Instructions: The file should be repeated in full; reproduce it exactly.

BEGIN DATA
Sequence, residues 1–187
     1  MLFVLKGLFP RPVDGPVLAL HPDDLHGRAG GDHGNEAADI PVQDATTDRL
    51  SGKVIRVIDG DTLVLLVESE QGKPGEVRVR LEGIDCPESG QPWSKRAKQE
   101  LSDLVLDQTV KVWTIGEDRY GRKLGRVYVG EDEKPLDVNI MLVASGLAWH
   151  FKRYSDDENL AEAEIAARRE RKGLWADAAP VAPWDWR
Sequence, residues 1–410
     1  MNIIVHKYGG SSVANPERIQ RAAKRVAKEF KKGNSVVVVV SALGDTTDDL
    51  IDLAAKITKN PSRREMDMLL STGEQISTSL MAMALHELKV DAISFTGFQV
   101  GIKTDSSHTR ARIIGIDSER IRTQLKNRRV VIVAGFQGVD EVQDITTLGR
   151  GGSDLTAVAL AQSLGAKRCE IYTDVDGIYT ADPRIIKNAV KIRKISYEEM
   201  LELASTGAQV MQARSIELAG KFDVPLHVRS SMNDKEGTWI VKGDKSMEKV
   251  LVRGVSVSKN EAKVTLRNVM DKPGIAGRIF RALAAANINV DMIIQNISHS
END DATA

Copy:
Sequence, residues 1–187
     1  MLFVLKGLFP RPVDGPVLAL HPDDLHGRAG GDHGNEAADI PVQDATTDRL
    51  SGKVIRVIDG DTLVLLVESE QGKPGEVRVR LEGIDCPESG QPWSKRAKQE
   101  LSDLVLDQTV KVWTIGEDRY GRKLGRVYVG EDEKPLDVNI MLVASGLAWH
   151  FKRYSDDENL AEAEIAARRE RKGLWADAAP VAPWDWR
Sequence, residues 1–410
     1  MNIIVHKYGG SSVANPERIQ RAAKRVAKEF KKGNSVVVVV SALGDTTDDL
    51  IDLAAKITKN PSRREMDMLL STGEQISTSL MAMALHELKV DAISFTGFQV
   101  GIKTDSSHTR ARIIGIDSER IRTQLKNRRV VIVAGFQGVD EVQDITTLGR
   151  GGSDLTAVAL AQSLGAKRCE IYTDVDGIYT ADPRIIKNAV KIRKISYEEM
   201  LELASTGAQV MQARSIELAG KFDVPLHVRS SMNDKEGTWI VKGDKSMEKV
   251  LVRGVSVSKN EAKVTLRNVM DKPGIAGRIF RALAAANINV DMIIQNISHS